An Interview With Nicole Hensley


Michael Gallagher

Photo by Michael Gallagher

Grahm Tuohy-Gaydos, Staff Reporter

Author’s Note: Nicole Hensley is the gold medalist goalie for Team USA Women’s Hockey and is a 2012 graduate of Green Mountain High School. The Ram Page would like to thank her for her participation in this interview.


Q: How did you start playing hockey?


A: I started playing hockey when I was in third grade. My neighbor across the street played the sport and he was always out in the cul de sac in rollerblades and was shooting a puck. One day he asked if I wanted to play, and after that, we were inseparable. We were playing hockey through the day and well into the night all summer long, and when school started again, his parent’s told mine that they should give me a shot at playing hockey on the ice. My parents agreed. It was also the year that the Colorado Avalanche won the Stanley Cup, and hockey was booming across the state. I originally started as a forward, but after three years, they passed the pads to me for a few games, (Allowing someone other than the goalie to play that position) and after that, I was hooked on being a goalie. I have played that position ever since.


Q: What was it like winning a gold medal?


A: It was pretty incredible. It is hard to put into words the amount of work we put into achieving our goals and to see the end result of our determination was pretty amazing. However, it was even better to win with 22 of my best friends, and that made the experience second to nothing.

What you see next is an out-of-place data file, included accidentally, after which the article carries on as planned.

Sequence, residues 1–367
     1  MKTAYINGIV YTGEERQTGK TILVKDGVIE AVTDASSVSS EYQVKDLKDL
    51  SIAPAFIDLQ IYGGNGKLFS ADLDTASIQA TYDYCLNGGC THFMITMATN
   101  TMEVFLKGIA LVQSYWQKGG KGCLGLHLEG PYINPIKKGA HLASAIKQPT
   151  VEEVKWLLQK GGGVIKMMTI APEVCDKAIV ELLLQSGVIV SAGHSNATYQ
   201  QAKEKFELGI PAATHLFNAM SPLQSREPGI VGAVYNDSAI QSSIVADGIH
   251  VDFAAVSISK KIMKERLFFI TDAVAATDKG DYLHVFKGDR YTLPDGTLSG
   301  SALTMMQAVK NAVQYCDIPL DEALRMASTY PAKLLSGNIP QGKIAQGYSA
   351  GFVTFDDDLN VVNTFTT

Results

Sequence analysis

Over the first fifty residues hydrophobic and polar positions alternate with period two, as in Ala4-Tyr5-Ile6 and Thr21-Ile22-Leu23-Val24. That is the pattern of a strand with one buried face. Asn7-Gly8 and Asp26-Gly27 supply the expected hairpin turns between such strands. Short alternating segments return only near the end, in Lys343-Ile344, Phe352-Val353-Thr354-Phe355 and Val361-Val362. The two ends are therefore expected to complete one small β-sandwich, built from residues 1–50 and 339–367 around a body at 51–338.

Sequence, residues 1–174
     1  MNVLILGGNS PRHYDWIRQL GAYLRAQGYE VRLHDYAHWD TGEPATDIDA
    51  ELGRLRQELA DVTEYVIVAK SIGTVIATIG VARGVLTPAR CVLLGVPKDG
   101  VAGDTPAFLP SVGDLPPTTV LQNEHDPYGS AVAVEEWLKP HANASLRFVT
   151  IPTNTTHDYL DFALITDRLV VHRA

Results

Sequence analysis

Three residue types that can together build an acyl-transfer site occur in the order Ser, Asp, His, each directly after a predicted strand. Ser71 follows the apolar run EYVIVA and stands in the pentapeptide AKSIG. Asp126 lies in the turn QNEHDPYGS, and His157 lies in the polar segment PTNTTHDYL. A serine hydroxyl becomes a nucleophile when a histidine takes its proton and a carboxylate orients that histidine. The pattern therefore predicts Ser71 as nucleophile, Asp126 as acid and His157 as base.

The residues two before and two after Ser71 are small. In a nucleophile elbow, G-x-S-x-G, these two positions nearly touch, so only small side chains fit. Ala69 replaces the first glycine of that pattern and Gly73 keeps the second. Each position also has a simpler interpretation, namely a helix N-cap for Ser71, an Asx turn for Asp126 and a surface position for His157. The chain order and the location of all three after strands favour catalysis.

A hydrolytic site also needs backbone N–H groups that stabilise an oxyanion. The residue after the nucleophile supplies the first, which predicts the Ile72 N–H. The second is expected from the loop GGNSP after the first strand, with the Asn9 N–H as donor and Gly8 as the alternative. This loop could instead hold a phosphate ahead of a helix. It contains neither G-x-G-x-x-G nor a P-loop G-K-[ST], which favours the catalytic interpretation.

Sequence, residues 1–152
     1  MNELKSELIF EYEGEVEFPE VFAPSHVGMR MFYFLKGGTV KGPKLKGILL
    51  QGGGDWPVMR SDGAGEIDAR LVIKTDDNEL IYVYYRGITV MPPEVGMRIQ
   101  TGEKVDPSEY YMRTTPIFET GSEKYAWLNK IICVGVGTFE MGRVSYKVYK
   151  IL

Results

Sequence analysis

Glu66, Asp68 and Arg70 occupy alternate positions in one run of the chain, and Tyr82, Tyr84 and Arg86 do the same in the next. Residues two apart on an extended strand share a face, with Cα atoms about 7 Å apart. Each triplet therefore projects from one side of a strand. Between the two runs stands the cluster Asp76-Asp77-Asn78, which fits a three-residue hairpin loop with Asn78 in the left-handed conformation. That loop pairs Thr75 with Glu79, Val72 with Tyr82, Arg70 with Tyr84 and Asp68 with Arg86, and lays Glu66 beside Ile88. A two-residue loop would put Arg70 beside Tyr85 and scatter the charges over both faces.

Q: What was your best memory at the Olympics? (other than winning a gold medal)


A: Aside from winning, I have to say my favorite moment was when Arielle Gold, who is a bronze medalist in snowboard halfpipe, took us up one of the mountains in Korea and took us night snowboarding. Most of us hadn’t snowboarded or went skiing in around six years out of fear of injuring ourselves, so it was pretty incredible to not just go skiing and snowboarding, but also to do it at the Olympics with a world-class snowboarder.


Q: How did you manage hockey and school at GMHS?


A: In my junior and senior year here, I played for the Colorado Select Team, which played in a league on the east coast. I usually ended up missing somewhere around 5 days of school a month for hockey. While it seems like a lot, the teachers here were always supportive, giving me the lessons days early if needed. They were always there to help me with my sporting goals, as long as I kept it up on the academic side as well. It takes a village to raise a hockey player, and I would’ve never been able to be where I am now without them.


Q: Is there any advice you would give GMHS Students?


A: I would say my best advice athletically would be to always work hard, as you never know when or where opportunity is going to strike. You never know who is watching and when someone will give you an opportunity to succeed. In the classroom, You never know how important having a good GPA and SAT score is, and it is equally important to know how to work with teachers. You also have to be determined, even if the topic seems boring because it is what makes you stick out of a class, whether it be a class of 30 people or 500 people. Simply put, academics are just as important as the athletic side of schooling.